Who’s Dividing Who?
I tried. I really did try.
For the eight or nine of you who regularly read these scribblings, you might recall that on a couple of occasions I’ve pointed out that we all – as in all parties and independents – need to stand behind our president.
If he’s your guy, it’s easy. If he’s not, then respect the office, salute the flag and help your candidate do better the next time.
I even went so far to say that I wouldn’t join the rest of the media in tearing down the president. My point was pretty simple. We have enough divisiveness in this country. I thought that one way I might be able to help at least a little bit would be to make sure the highest office in the land got some respect from this tiny corner of God’s country.
For almost two years I’ve stuck by that – mostly. Sorry, I just can’t do it anymore.
Joe Biden, the president – MY president – called me a fascist. And let’s be clear – I did not take anyone’s word for it. I did not listen to a 30-second clip and some talking head taking it out of context. The great thing about today’s instant information world is, well, information. I went straight to the White House web site and found the text of two speeches Biden gave – one at a reception in Bethesda, Md. and the other at Independence Hall in Philadelphia – and read them. Every word.
The man called me a fascist. Probably called you one, too.
His overall point is one made many times in this space – we are a nation of differing points of view, but a nation that only thrives when it unites, when it respects the peaceful transition of power. He said a lot that we can and should agree with.
But then he said that if you stand behind Donald Trump you are a semi-fascist.
Forget the politics for a second. Forget the eerie resemblance to failed candidate Hillary Clinton calling Trump backers deplorable. Even forget the fact that he said – and I quote here – “I give you my word as a Biden.” (Listen, you can’t make this stuff up.)
But before we go any further, let me hit a couple of points about the guy Biden seems to be so scared of, Trump. I wouldn’t pretend to speak for anyone else, but I am desperately hoping for a better candidate than Donald Trump in 2024. I want a president who can accomplish many of the same things Trump did . . . without the name-calling, ridiculous tweeting and arrogance we saw daily for four years. That said, let me also repeat something I’ve said over and over – if Joe Biden and Donald Trump are on the ballot, I won’t hesitate to vote for Trump. I’m just hoping he’s not.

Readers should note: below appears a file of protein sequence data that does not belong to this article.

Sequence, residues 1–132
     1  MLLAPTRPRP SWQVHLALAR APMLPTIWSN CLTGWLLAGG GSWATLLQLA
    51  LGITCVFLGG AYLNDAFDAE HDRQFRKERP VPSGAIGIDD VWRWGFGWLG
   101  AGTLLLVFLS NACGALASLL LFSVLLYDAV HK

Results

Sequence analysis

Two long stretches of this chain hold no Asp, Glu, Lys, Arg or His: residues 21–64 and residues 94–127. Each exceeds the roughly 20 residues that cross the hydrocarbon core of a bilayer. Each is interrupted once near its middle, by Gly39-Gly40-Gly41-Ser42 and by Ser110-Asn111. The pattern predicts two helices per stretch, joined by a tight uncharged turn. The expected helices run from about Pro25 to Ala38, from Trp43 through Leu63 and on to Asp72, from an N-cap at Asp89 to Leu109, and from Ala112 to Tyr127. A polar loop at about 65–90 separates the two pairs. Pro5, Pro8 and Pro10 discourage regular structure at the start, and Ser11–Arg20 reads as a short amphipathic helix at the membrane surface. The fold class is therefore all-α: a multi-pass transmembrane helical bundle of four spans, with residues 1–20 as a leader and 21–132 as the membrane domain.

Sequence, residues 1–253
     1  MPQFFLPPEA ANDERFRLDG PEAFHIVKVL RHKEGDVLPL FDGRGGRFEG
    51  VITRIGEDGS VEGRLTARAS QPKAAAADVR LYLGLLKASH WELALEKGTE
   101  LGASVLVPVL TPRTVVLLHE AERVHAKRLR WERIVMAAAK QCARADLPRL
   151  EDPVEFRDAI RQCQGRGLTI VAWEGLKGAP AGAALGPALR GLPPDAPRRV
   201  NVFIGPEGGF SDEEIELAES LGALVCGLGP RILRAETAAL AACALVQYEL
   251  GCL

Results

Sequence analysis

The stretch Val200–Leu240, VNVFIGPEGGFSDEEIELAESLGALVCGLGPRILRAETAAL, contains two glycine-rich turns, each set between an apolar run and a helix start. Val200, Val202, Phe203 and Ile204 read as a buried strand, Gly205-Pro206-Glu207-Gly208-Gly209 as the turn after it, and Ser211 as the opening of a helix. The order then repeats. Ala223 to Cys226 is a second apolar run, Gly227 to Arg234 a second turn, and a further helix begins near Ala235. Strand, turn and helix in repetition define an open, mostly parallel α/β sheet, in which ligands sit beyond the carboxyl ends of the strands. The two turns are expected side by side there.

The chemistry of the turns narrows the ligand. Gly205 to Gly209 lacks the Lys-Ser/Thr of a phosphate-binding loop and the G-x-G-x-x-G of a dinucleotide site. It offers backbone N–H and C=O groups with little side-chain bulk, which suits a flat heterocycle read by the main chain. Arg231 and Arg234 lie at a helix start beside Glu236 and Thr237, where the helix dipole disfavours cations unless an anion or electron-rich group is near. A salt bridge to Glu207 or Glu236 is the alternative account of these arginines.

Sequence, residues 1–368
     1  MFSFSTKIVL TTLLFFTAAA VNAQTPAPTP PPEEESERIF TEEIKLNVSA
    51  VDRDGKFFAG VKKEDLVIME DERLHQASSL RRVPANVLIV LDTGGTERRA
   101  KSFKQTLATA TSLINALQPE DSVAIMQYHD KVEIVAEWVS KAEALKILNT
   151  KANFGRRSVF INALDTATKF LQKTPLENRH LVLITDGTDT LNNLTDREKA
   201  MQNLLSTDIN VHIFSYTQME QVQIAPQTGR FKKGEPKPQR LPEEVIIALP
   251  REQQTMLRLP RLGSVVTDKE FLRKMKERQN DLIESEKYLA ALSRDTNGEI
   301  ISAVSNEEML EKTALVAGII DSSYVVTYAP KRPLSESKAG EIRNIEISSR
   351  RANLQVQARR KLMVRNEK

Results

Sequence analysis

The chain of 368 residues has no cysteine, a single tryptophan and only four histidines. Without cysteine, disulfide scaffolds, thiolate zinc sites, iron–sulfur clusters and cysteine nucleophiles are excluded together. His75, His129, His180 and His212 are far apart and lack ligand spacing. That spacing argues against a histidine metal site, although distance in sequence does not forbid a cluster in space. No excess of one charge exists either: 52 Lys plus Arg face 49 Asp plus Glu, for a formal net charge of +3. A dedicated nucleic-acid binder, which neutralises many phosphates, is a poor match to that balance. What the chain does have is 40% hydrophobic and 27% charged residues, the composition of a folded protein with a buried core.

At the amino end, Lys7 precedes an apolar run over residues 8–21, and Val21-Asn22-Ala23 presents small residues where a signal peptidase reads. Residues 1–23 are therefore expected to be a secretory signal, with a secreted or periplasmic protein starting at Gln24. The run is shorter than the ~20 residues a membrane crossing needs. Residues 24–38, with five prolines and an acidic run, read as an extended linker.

And can we leave it there please? Can I make that decision without attack? Maybe you are going to cast your ballot for Joe Biden. Good for you. I do not say that with sarcasm. I truly mean it. For unlike the idiots who will berate and even threaten us for whoever our choice is, most reasonable people respect our right to vote whatever way we want.
And that’s where Biden is off base – badly, badly off base.
He is using scare tactics – something he has done in the past. Anyone remember when then presidential candidate Biden told a black radio host that if African-Americans couldn’t decide on him over Trump “then you ain’t black.”
It seems that Biden likes to use strong words to suppress opposition. Hmmm. When I looked up the definition of fascism, part of it reads the “forcible suppression of opposition.”
Look, we could make a lot of points here. Biden often comes across as an elderly person who forgets what he is saying . . . He says one thing today and the opposite tomorrow . . . his voting record in the Senate isn’t exactly stellar when it comes to race and money . . . And we could go on about the validity of each point.
We could even talk about the idea that Biden and his entire party keep Donald Trump’s name in the news. If that isn’t giving the former president free publicity and even creating more support, I don’t know what you would call it.
That’s not the issue.
The issue is simple. Joe Biden, the man who is our president, is telling me and millions of Americans that we are a threat to this country. He is saying that just because we believe Donald Trump was a better president than he is we are wrong. He is drawing a line in the sand with him on one side and six out of 10 Americans on the other.
Am I a threat to this country? Are you? I’m pretty sure we didn’t leave thousands of Americans in Afghanistan in the worst withdrawal since Saigon. I’m positive that we didn’t screw up any sort of smart transition to clean energy by overnight eliminating thousands and thousands of jobs in the oil and gas industry (and overturning American lives in the process). We’re not to blame for the debacle with $5 a gallon gas prices and a return to reliance on foreign energy. We didn’t discard any semblance of border security to our south.
We live in a word today where fiction tends to fester into fact, where opinions – especially hateful ones – get more attention than the truth. But we have two years of facts to go by. So, if you actually want to talk about the real threat to this country Mr. President, perhaps you ought to start by looking in the mirror.
EDITOR’S NOTE: If you want to see for yourself the text of the two speeches, the White House has them on its web site. The links are here.
Two cents, which is about how much Timmons said his columns are worth, appears periodically on Wednesdays in The Paper. Timmons is the publisher of The Paper and can be contacted at firstname.lastname@example.org.